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HOOD, JOHN (1720–1783?), surveyor and inventor, was born in 1720 at Moyle, co. Carlow. In 1772 was published in Dublin his 'Tables of Difference of Latitude and Departure for Navigators, Land Surveyors, &c.,' in which he recommends that in surveying the bearing of objects should be taken from the meridian of the place. The tables printed in the book are the natural sines of all the angles, in degrees and quarter degrees, to different radii, the latter ranging from 1 to 100, as being best adapted to Gunter's chain. Hood also gives an account of the diurnal variation of the magnetic needle and its correction, and a description of a new surveying instrument. This invention is elsewhere called Hood's compass theodolite, and is described as the basis of the theodolite now used in England and America. He is also said to have anticipated the invention of Hadley's quadrant, but took out no patents. He died about 1783.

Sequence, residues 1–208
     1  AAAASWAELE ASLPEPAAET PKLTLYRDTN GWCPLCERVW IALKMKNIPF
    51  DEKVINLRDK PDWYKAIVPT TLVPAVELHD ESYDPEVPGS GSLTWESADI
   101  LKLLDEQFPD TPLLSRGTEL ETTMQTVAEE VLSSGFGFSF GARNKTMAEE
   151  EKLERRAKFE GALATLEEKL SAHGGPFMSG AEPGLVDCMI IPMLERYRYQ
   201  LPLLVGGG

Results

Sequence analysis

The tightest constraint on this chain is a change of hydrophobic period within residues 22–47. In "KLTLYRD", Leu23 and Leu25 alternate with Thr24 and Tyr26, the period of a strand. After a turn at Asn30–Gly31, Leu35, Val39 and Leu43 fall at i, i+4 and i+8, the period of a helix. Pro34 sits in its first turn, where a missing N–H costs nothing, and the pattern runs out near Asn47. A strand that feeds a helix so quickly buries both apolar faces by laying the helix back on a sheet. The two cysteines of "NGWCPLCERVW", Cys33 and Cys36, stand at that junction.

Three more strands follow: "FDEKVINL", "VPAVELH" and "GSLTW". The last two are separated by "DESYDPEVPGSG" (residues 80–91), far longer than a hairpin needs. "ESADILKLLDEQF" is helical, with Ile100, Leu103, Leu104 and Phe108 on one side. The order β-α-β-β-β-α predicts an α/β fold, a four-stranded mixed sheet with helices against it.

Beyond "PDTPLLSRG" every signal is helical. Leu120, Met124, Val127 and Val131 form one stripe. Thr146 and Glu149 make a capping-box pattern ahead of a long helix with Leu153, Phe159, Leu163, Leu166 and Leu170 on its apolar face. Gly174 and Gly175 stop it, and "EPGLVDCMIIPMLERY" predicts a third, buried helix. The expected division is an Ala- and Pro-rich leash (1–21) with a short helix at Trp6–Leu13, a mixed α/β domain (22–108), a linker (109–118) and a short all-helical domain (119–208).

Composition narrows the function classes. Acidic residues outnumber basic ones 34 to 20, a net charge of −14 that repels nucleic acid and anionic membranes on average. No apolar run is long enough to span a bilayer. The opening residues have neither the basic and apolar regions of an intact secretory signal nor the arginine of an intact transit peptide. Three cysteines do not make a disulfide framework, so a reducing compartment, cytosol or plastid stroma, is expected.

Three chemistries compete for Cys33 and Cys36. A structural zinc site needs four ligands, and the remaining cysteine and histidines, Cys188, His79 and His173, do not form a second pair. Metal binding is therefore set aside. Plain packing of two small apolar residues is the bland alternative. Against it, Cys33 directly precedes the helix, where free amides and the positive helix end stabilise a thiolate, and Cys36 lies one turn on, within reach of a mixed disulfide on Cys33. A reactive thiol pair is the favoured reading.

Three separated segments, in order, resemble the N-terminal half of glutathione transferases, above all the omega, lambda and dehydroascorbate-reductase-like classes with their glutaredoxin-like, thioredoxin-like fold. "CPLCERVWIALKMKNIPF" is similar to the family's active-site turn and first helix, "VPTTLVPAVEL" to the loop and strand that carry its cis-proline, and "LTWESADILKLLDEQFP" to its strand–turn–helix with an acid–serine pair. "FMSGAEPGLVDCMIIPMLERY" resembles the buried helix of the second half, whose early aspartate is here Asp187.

A grandson, Samuel Hood (1800?–1875), legal writer, born in Moyle, co. Donegal, about 1800, emigrated to Philadelphia, U.S.A., in 1826, and joined the bar there. He published a treatise 'On the Law of Decedents,' Philadelphia, 1847; and wrote, among other works, 'A Brief Account of the Society of the Friendly Sons of St. Patrick' (1844) for the Hibernian Society of Philadelphia. He died at Philadelphia in 1875. (Appleton's Cyclopædia of American Biography, iii. 248.)

[Webb's Compendium of Irish Biography; Allibone's Dict.; Brit. Mus. Cat.]

R. E. A.